ERIC Number: ED256173
Record Type: RIE
Publication Date: 1985-Mar
Reference Count: 0
Improving Conversational Engagement in the Culturally Diverse Classroom.
Adger, Carolyn Temple
A study of communication in a culturally diverse first grade classroom focused on one discourse device, conversational repair, and its use with one kind of conversational difficulty, protest sequences, or arguments. The data collected concerned the children's use of either non-response or conversational engagement following a fellow student's protest, and the evolution of this use in the course of the school year. The non-response frequency curve across the school year suggests that protesting is constrained by a solidarity factor, affected in this case by the classroom seating arrangement and changes made in it. When solidarity is low, as at the beginning of the year or after a seating change, protest is not called for, but when solidarity is high, protest occurs and conversational engagement increases over non-response. It is suggested that if the solidarity concept is extended to include shared culture, it is apparent that cross-cultural conversations are less eligible for the repair they are likely to require because the participants lack shared culture. The implications for culturally diverse classrooms include the suggestion that teachers group children in a way that they will spend a lot of time working and talking with children from culturally contrasting backgrounds, to establish ties enabling them to repair conversations. (MSE)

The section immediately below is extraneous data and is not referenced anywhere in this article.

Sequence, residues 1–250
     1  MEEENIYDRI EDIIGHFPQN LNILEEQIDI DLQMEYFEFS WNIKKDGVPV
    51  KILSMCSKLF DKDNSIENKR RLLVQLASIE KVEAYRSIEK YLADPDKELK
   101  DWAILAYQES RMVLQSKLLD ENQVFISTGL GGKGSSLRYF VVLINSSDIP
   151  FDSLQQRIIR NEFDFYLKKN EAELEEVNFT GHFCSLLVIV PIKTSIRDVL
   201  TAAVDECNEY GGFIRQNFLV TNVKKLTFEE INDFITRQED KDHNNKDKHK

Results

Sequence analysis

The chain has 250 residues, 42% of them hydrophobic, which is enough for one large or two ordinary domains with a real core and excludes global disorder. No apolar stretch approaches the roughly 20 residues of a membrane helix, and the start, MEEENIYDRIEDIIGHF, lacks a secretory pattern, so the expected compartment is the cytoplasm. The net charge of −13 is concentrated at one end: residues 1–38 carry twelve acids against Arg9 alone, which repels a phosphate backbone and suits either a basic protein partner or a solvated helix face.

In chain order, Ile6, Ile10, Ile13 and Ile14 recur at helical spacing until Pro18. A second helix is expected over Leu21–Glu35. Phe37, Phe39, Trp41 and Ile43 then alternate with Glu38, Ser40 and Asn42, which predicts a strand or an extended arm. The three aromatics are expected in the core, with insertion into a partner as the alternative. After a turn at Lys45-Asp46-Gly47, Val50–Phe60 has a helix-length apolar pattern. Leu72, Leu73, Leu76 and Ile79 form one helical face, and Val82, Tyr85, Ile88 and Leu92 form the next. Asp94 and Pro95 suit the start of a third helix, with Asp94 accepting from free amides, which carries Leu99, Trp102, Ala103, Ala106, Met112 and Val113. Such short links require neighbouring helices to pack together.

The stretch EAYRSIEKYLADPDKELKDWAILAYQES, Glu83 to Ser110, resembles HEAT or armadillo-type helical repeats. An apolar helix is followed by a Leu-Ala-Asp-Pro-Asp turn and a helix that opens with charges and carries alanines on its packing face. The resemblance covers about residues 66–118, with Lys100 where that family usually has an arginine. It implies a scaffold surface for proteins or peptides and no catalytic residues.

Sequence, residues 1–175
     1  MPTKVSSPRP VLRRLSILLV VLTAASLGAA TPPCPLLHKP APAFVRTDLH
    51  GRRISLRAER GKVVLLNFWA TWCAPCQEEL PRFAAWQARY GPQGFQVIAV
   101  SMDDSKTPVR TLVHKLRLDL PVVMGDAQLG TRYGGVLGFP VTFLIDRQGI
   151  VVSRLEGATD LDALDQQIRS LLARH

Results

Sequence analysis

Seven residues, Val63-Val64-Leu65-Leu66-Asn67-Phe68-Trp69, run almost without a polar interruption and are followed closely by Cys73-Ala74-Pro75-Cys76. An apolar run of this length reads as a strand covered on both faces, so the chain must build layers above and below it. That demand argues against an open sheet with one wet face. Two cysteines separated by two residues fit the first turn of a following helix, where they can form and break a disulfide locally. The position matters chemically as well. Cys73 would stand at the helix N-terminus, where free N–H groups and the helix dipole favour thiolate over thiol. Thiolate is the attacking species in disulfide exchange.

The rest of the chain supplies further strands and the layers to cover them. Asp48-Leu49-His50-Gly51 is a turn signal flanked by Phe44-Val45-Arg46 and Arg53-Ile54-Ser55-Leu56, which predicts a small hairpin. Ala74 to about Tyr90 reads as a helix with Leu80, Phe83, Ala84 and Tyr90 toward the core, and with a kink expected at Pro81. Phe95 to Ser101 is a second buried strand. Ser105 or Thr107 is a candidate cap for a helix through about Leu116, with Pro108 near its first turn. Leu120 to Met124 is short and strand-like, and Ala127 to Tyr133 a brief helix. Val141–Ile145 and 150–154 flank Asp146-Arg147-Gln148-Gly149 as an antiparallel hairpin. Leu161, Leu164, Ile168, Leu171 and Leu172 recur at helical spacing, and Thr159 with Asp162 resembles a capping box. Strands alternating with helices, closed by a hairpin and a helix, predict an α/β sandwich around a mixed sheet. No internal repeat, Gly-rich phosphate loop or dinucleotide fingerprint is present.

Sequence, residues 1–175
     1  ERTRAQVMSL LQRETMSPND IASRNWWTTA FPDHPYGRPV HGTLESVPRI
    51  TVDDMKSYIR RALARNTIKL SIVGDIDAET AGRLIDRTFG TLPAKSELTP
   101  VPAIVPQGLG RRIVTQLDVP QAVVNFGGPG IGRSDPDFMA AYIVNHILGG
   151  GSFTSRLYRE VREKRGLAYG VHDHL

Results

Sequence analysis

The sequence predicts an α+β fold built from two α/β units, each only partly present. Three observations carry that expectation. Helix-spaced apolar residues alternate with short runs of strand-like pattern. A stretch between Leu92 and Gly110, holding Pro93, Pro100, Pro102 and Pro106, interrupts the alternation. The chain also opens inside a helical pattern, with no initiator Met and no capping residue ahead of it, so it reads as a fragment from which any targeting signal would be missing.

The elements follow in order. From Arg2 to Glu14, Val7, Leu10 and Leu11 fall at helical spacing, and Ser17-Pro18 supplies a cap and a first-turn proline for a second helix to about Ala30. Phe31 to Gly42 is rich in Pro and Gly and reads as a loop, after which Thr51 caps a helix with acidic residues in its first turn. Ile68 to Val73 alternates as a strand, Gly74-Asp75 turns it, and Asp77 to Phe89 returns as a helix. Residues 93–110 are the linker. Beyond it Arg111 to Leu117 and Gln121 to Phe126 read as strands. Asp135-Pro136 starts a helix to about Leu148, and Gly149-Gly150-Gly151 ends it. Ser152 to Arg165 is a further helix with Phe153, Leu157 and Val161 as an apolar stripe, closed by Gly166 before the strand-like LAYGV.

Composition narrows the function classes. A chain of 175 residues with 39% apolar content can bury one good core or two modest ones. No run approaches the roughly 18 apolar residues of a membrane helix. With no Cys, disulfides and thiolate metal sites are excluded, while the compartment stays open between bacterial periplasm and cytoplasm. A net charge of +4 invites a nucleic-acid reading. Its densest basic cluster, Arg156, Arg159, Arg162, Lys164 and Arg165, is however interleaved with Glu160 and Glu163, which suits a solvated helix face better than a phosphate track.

Publication Type: Reports - Research; Speeches/Meeting Papers
Education Level: N/A
Authoring Institution: N/A
Note: Paper presented at the Annual Ethnography in Education Research Forum (6th, Philadelphia, PA, March 1985).